I have had the good fortune to learn from and call friend many of the titans of bushcraft and wilderness guiding. Knowing and learning from them has had a huge impact on my life and career. I won’t name names, but I don’t have to; if you’re reading this you probably already know half of them through their books and reputations. But despite their fame, humility is a virtue shared amongst them; all have been quick to mention their own mentors when asked who the greats are.
But there is also the other half that you probably haven’t heard of. They are working guides who have spent their lives traveling, guiding and living both in the far-flung reaches of the forest and just beyond the lights of town. You wouldn’t recognize them by name because they haven’t written a bestseller and don’t put any value on tv or internet fame, but they have put together careers based on the woods life; years of being out there and doing it day after day. Their impacts on me have not been lessened due to their anonymity in the mind of the general public. If anything, maybe the opposite is true.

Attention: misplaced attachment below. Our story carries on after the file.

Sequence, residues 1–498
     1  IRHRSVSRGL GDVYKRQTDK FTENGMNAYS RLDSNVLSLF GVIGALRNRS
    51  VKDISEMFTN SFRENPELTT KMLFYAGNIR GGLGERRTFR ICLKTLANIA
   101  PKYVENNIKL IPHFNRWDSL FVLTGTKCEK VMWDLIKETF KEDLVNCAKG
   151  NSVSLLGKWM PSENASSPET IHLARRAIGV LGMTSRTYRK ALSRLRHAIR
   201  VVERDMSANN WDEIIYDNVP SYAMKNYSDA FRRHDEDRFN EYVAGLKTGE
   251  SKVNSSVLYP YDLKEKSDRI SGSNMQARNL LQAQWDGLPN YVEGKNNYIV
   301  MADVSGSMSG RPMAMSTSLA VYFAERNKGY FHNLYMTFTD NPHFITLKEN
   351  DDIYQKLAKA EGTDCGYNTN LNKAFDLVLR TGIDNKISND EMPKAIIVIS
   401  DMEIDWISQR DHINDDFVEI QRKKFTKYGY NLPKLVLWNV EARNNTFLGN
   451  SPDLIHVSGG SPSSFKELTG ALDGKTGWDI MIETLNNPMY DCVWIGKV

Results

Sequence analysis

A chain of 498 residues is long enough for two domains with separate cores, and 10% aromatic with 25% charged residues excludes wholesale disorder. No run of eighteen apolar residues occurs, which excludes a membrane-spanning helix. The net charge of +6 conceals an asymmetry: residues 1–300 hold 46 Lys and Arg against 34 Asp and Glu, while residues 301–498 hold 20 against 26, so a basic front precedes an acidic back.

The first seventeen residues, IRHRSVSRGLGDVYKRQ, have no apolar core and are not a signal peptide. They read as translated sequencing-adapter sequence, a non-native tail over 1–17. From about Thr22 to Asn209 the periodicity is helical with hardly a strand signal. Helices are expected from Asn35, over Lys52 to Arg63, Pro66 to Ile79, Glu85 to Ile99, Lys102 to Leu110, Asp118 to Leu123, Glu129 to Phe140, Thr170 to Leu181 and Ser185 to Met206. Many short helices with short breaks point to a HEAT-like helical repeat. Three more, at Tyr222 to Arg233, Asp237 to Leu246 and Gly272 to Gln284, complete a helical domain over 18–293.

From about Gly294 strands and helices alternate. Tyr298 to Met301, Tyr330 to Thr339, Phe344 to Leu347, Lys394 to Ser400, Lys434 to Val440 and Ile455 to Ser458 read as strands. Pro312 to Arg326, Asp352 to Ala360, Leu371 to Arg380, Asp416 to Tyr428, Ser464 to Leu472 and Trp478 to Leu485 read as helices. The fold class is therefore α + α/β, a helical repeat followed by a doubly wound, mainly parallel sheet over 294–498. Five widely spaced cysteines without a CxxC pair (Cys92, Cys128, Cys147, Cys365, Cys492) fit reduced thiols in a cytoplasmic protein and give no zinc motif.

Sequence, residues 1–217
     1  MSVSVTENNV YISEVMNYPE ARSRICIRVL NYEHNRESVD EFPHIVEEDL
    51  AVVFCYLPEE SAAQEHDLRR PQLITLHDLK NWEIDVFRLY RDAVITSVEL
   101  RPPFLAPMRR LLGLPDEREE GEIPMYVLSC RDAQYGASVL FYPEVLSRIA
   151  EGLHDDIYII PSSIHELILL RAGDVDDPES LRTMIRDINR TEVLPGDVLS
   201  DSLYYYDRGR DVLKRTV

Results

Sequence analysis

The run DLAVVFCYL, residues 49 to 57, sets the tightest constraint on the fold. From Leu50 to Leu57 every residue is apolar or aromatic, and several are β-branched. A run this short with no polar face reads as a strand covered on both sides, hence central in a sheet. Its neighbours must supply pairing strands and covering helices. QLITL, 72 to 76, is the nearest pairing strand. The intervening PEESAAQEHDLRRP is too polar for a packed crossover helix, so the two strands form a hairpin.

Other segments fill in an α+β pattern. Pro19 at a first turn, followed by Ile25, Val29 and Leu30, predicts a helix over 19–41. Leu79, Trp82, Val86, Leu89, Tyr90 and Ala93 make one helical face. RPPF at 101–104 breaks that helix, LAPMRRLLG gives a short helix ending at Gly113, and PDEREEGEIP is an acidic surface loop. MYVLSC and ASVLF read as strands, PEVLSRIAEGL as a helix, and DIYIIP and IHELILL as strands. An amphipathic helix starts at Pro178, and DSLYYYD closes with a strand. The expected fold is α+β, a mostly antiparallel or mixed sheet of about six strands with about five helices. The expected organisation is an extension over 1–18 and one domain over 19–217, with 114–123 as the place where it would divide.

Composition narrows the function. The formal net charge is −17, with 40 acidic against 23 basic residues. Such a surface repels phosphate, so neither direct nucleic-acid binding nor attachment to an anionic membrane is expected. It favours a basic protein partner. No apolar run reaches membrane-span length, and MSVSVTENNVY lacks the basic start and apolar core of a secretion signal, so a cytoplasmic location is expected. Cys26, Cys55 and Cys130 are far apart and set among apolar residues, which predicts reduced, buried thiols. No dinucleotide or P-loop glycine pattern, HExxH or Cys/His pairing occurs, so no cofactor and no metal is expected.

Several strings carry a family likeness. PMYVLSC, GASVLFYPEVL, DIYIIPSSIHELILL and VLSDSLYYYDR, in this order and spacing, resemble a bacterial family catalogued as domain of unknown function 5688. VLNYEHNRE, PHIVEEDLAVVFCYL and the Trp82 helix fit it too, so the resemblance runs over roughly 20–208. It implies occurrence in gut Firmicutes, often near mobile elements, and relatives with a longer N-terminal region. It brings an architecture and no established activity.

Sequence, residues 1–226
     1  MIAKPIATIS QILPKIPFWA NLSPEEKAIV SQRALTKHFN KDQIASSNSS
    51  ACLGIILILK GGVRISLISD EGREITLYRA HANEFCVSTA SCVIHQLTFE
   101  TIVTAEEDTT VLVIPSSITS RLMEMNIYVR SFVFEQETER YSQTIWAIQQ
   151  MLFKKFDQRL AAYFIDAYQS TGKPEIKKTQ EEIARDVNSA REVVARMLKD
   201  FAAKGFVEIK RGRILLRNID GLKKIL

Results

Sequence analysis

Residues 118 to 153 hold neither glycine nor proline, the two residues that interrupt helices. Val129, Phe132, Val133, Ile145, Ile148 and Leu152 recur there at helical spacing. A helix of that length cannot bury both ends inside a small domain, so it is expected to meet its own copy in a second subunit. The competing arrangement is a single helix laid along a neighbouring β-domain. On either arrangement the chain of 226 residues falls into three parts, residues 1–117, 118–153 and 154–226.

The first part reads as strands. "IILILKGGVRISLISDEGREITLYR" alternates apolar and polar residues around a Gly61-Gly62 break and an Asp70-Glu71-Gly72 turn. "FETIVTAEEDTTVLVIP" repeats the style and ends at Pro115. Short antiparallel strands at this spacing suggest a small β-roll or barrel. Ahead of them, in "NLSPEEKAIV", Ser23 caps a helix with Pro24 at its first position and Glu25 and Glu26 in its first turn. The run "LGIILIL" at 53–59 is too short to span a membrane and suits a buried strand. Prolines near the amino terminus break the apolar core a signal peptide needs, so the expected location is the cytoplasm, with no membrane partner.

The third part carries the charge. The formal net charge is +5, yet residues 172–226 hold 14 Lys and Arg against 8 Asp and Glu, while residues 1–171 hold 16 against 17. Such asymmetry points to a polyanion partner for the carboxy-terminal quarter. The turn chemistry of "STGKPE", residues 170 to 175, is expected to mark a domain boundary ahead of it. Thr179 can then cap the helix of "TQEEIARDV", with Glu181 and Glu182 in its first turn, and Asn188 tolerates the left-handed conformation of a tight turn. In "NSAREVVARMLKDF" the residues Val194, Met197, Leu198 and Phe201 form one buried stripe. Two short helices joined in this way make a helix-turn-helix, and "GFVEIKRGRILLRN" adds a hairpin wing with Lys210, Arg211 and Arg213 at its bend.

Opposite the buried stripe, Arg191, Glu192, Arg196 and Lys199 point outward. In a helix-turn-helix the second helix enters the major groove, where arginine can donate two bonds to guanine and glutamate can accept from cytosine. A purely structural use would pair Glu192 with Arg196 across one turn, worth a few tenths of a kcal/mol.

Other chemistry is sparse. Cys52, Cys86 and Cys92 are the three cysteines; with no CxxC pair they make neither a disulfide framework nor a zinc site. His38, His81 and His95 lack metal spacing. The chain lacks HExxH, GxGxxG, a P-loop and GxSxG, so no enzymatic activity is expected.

There comes a point in a person’s life where the mentors of one’s youth begin heading for the happy hunting ground. I’ve lost several this year, and the trend will only continue. It makes me think about all the lessons (ie. gifts) they have given me over the years, and how they will live on through the stories I, and others like me, will pass on to the next generation.
As the second decade of my career as a guide and educator draws to a close, certain things have become more and more clear. High on that list is realization that the debt we owe to our mentors and teachers can never be repaid in full.